Cons: I had my fingers crossed that the constantly maligned ducks would have a moment of redemption during the escape, but they remained the butt of all the other animals’ jokes.
Summary: The night before a wedding, a child describes how their mother decorates their hands and arms with henna, telling them stories from the past as she weaves them into her designs. There’s an anxious evening as the henna dries and the narrator tries not to smear the designs. Gloves are worn to bed, and in the morning the dry henna flakes off, leaving a beautiful design to wear to the wedding. Everyone dances and celebrates together, the henna reminding them of their faraway home and the pride they have in their heritage. Includes additional information about henna and an author’s note describing her own memories of henna from her childhood in India. 40 pages; ages 4-8.
Pros: This beautiful book with its brilliant illustrations will introduce the art of henna to some readers and be appreciated by others for its celebration of a familiar art form.
Cons: It was touch and go there for a while waiting to see how the henna would turn out.
Summary: Huldah is excited to be turning ten on June 19, 1865. That excitement grows when, on the morning of her birthday, soldiers ride up to the Texas plantation where Huldah and her family live and announce that all slaves are free and have been since Abraham Lincoln signed the Emancipation Proclamation two years earlier. All around her is a celebration, and a group of women begins to create freedom flags. Huldah takes some time for herself, climbing a tree to capture a sunbeam in a jar. When she returns, it’s time for her birthday celebration. Her friends and family give her her own freedom flag; later, during a moonlit walk with her family, she wraps her baby sister in the flag, and the family celebrates this day of jubilee. Includes an author’s note about how she came to create the quilts that illustrate this book. 40 pages; ages 4-8.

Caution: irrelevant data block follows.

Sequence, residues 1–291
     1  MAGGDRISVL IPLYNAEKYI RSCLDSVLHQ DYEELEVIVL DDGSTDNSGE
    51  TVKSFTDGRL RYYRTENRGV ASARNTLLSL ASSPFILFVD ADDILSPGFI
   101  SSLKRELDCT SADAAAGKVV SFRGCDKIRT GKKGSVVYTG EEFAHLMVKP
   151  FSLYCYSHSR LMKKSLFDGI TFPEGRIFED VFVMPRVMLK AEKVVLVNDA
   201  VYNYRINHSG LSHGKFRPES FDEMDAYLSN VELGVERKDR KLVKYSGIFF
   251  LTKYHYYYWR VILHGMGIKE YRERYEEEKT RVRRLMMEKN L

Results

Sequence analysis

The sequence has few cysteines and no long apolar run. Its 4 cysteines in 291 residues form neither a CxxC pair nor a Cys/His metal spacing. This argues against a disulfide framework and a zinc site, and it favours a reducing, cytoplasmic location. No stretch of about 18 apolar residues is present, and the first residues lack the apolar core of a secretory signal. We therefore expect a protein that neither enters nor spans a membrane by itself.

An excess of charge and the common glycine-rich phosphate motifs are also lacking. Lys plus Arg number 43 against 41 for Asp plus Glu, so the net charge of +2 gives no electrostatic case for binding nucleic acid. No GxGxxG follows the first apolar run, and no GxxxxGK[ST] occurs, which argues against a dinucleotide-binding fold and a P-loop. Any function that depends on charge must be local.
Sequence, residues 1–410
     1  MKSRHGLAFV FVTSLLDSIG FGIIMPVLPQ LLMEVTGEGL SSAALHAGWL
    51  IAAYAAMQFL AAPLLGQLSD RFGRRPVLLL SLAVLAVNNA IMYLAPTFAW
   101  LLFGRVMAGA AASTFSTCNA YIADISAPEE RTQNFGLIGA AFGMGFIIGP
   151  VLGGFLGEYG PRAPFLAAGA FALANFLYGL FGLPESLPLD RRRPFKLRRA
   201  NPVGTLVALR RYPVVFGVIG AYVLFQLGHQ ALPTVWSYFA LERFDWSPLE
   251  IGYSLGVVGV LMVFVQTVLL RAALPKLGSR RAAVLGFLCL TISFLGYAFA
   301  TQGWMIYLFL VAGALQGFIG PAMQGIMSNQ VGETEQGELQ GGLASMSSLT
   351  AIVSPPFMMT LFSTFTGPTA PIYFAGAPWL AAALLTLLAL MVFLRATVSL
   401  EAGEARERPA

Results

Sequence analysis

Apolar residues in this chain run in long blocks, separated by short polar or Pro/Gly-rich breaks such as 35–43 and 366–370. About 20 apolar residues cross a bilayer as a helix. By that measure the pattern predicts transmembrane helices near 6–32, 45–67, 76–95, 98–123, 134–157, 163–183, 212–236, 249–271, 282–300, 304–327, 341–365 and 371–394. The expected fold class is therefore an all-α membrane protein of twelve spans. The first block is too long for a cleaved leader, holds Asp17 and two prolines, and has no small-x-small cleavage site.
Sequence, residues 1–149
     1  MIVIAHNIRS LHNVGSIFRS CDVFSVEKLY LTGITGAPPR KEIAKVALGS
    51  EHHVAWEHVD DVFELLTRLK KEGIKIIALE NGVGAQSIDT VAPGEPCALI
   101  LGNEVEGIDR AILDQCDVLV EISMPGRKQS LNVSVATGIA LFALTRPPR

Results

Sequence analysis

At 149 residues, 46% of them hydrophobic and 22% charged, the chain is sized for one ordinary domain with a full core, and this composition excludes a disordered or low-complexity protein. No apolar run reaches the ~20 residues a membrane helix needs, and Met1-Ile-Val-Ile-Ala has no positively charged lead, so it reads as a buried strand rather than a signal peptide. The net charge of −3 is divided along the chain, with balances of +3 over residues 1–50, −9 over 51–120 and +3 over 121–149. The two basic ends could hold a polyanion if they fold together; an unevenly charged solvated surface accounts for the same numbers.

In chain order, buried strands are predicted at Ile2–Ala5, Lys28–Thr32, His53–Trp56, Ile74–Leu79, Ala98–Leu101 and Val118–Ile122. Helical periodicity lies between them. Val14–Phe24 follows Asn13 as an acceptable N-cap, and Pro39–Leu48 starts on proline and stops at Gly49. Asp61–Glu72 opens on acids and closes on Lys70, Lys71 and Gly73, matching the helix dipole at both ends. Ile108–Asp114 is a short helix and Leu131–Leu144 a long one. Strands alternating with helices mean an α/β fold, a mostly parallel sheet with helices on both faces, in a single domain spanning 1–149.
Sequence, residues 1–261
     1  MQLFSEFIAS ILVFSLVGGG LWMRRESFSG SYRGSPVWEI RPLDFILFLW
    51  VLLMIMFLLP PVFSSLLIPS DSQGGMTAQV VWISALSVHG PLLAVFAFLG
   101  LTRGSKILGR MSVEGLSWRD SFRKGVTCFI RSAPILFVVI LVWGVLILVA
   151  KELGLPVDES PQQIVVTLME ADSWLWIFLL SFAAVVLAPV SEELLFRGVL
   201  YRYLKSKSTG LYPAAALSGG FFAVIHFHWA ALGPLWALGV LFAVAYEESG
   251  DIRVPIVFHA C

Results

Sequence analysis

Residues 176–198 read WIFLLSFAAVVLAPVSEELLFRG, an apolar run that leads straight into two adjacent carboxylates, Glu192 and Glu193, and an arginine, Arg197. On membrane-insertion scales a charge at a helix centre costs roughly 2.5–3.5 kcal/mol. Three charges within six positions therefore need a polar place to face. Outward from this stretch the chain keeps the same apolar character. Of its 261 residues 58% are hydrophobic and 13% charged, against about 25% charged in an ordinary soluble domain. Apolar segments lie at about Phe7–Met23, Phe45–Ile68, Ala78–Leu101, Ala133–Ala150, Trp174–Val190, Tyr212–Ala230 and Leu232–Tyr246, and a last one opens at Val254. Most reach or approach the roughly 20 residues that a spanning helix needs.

Pros: With Juneteenth coming up in a few weeks, this is a great introduction for younger readers, illustrated with distinctive quilt-inspired illustrations. Kids may want to design their own freedom flags after reading this.
Cons: There’s not a ton of information about Juneteenth here, so you may want to supplement with some other resources.
Summary: Branches may call to mind the tops of trees, but the bottoms, their roots, also have branches. So do rivers and bolts of lightning. Look closely, and you’ll notice branches in coral reefs and snowflake crystals. There are branches in bodies, too: bones that branch into fingers and the veins and arteries that allow blood to circulate. Branches are strong and brave! Includes additional information about branching patterns. 40 pages; ages 4-8.
Pros: A Joyce Sidman-Beth Krommes collaboration is always a treat, with beautiful poetic language and distinctive scratchboard illustrations. This is a great addition to STEM collections, encouraging readers to look for patterns in nature.
Cons: The last book on patterns this team did was Swirl by Swirl: Spirals in Nature, published in 2011. I hope they’ll create another pattern book before another dozen years go by.
Summary: A boy is excited for his kindergarten graduation. He and his classmates go through their morning routine one last time, and he reflects on all the things he’s learned during the year, although one skill, tying his own shoes, has eluded him. The kids don caps and gowns and line up to go on stage. When he notices his shoe is untied, the boy tries to tie it himself and finds out he’s learned how to do that, too! After graduation, there’s a round of good-byes, and the story ends with the boy picturing himself in first grade. 32 pages; ages 3-6.
Pros: This rhyming early reader, with its illustrations of a diverse and happy school, would make an excellent gift for a preschool or kindergarten graduate.